Sunday, 24 April 2016
On Wednesday our ecologist Andy Perry, accompanied by the Rangers and a group of volunteers carried out another sheep count across the property. This involves splitting into small groups, each with a designated route to walk, and marking on a map the number of sheep in each area. This is to help maintain a suitable level of grazing on the hill. Andy joined Dave the ranger in the Landrover and counted the sheep along the plateau. The weather was clear and sunny, which produced some lovely photo opportunities; some sheep even joined one of our Placement Rangers for lunch! (see picture below)
Monday, 18 April 2016
An informative training day was held for Learning Staff and Volunteers by Angela Mann from Preston Montford FSC who gave many ploys to hook visitors into discovering what swims in our stream and prove just how clean it is. Here pictured with how a tablet can be put to use in our labs she got everyone very focussed in(pun?!). Our afternoon was led by NT ecologist Andy Perry who got us all looking carefully at plantlife almost as small as our water creatures! It was just fascinating to be given such great detail to further everyone's interests in what lives here. A true learning day.
Thursday, 24 March 2016
In accordance with the new kitchen garden plan, the seeds have been planted in the polytunnel. The objective of the plan is to supply the tearoom with as much fresh produce grown on site as possible. Some seeds which have been planted include kale, lettuce, spring onion, along with a small herb garden to provide herbs. If you've visited the tearoom terrace over the past few weeks you may have noticed a new structure beginning to appear in the garden in place of the old fruit cage! This is to replace the fruit cage and increase the productivity of the fruit trees through being more secure to keep birds out!
If you would like to get involved with any activities in the garden, please feel free to email us at: firstname.lastname@example.org
|Digging over the beds.|
The Rangers and some volunteers have been out heather burning again! Last week the weather dried up enough to make the heather dry enough for burning. This years target was to burn 20 hectares, and the deadline is end of March, when the burning season ends.
and a few fun ones...
|Spot the ranger!|
|Fire beaters also double up as broomsticks!|
Monday, 14 March 2016
Wednesday, 17 February 2016
The National Trust relies on the support of people to help with management of the properties, one of these people at the Long Mynd is Ian Cheeseborough who has done a lot of work for the Trust to help improve the ecology of the property.
|Clearing snipe plots at Wildmoor|
Ian works in carrying out practical habitat management on various sites and for a variety of organisations in the county including National Trust, Shropshire Council and Field Studies Council. Work includes footpath maintenance, hedge laying and planting, scrub control and tree work. He also teaches courses on bees, wasps and ants for the Field Studies Council looking at identification and ecology.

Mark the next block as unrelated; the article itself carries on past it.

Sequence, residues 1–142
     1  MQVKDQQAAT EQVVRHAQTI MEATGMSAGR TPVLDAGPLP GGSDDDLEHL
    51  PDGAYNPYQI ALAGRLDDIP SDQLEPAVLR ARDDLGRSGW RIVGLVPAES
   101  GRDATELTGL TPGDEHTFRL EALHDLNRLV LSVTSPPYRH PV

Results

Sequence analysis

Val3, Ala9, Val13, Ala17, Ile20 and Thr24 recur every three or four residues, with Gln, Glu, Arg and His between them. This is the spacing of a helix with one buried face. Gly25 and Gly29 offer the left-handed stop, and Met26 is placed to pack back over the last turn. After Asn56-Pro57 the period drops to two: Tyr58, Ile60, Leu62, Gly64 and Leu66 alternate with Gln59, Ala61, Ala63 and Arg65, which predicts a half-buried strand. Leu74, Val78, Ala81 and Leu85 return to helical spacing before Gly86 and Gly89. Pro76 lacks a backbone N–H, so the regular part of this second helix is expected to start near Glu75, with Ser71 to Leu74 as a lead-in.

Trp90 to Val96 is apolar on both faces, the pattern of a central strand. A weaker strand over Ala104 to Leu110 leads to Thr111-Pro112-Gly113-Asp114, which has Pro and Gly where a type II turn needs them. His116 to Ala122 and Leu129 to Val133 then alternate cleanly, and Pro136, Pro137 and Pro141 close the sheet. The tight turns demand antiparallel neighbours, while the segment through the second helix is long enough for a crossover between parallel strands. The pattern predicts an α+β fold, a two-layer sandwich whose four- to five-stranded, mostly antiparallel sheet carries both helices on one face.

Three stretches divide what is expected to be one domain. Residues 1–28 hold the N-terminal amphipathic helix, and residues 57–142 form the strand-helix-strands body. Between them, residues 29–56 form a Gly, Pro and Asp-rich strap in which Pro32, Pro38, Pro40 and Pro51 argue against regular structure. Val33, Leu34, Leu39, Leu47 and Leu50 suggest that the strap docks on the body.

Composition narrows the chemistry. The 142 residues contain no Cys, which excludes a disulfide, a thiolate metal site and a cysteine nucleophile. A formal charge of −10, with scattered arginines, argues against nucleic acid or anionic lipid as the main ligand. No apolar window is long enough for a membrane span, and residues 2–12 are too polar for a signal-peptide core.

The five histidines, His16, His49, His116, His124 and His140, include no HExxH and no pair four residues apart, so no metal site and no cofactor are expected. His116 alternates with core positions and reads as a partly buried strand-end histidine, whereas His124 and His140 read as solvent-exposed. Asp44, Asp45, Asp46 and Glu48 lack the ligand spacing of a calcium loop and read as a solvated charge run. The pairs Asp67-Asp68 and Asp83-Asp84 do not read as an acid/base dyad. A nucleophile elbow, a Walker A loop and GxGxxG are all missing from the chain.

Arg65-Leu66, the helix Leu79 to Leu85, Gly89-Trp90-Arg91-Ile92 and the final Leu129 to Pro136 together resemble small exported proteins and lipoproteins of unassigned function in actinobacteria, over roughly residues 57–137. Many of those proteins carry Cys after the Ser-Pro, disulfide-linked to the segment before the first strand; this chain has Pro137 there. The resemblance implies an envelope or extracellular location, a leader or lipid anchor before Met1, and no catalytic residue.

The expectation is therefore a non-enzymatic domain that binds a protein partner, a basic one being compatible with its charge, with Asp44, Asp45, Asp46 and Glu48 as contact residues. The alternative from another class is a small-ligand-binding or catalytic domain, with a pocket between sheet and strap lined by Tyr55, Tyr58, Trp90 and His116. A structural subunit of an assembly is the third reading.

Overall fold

The work he has been involved in for the National Trust on the Long Mynd has included pond clearance on Wildmoor and the strimming of various sites to encourage breeding snipe (see previous post). He has also previously helped with hedge planting in Batch Valley and tree planting in the Wern.
Survey wise he has helped on grouse counts for a number of years and provided a baseline survey of the bees and wasps around the Mynd and recorded the breeding dragonflies on ponds around Pole Cottage.
Here at the Shropshire Hills we really appreciate the support of our volunteers, if you would like to get involved feel free to email us at email@example.com
Monday, 8 February 2016
This week, some contractors were up on the hill working for our ecologist by strimming rushes adjacent to Wildmoor Pool. Dave and a few of the FTVs (Full Time Volunteers) then removed the cut rushes from the habitat to improve the ecological benefit of clearing the plots. Strimming the area reduces the density of the rushes allowing the snipe to lead their young through the rushes.
Thursday, 4 February 2016
This week the TTF (Tuesday Task Force) were out coppicing at Wenlock Edge. Coppicing is a traditional practice of tree management and involves cutting trees at their base and the new growth consists of small thin poles which can be used for hedge laying and fencing. The coppice plot we were working on was previously coppiced between 10-15 years ago.
Thursday, 28 January 2016
This week we took a delivery of 35 tonnes of stone to use to help improve parking for cars along valley. The Wednesday Action Group (WAGs) helped to shovel and spread this stone along the valley, whilst spreading grass seed underneath; we have seen in other areas the grass is beginning to grow through the stone and should eventually provide a more natural looking effect. This action has arrived after visitors cars have been getting stuck in the mud whilst parking. It took a morning of several volunteers and rangers to shift the stone along the valley.